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The House of the Deer in Chichen Itza is nearly gone, but it has very similar architectural guidelines to those of Chichanchob. It’s on a platform or basement with rounded corners and a smooth facade; frieze between moldings and cresting on the front without any decoration. It’s part of a plaza that contains Chichanchob, and probably a residential complex associated with the Ossuary.
There is very little left of the House of the Deer from what was the original structure: more than half is now collapsed and only one full room is conserved. The entrance to another that no longer exists. Above the ceiling, you can hardly see the remains of what should have been the cresting.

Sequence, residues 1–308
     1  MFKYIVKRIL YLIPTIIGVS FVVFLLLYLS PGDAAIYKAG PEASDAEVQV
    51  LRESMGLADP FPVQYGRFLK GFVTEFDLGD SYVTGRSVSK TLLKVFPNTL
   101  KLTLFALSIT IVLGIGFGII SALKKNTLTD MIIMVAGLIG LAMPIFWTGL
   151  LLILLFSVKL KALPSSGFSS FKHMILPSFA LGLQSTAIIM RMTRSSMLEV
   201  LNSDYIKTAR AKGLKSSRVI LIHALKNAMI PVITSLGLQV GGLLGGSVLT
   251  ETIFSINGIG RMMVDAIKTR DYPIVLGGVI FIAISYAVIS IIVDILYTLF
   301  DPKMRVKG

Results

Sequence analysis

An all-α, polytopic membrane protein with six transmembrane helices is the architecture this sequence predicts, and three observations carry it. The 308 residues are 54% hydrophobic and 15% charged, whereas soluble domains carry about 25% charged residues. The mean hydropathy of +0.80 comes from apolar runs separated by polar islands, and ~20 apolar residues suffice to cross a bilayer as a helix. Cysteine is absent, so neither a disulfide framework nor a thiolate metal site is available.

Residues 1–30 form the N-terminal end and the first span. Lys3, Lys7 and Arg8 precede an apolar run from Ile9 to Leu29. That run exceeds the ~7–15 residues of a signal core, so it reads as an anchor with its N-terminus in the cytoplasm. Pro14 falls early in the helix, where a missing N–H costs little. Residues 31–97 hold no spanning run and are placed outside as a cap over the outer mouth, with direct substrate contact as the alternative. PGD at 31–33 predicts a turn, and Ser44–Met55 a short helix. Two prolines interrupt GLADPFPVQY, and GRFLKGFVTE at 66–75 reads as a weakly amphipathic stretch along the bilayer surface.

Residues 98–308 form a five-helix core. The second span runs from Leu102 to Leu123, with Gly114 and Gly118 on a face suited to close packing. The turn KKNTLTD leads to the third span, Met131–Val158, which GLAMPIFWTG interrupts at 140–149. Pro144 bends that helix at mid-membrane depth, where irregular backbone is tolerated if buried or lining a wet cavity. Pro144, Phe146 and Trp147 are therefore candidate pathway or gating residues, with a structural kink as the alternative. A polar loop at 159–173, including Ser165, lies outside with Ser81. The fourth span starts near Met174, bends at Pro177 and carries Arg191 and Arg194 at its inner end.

The name is due to the fact that, according to tradition, inside the House of the Dear, a painting of a deer was found on stucco work, unfortunately, it already disappeared. It’s thought that the building suffered the passage of a waterway that washed away the stucco on the walls where the paint could have been.
In addition, in front of the House of the Dear, near Chichanchob and some trees, you can see the remains of some elongated buildings that were perhaps temples similar to the two that still remain standing.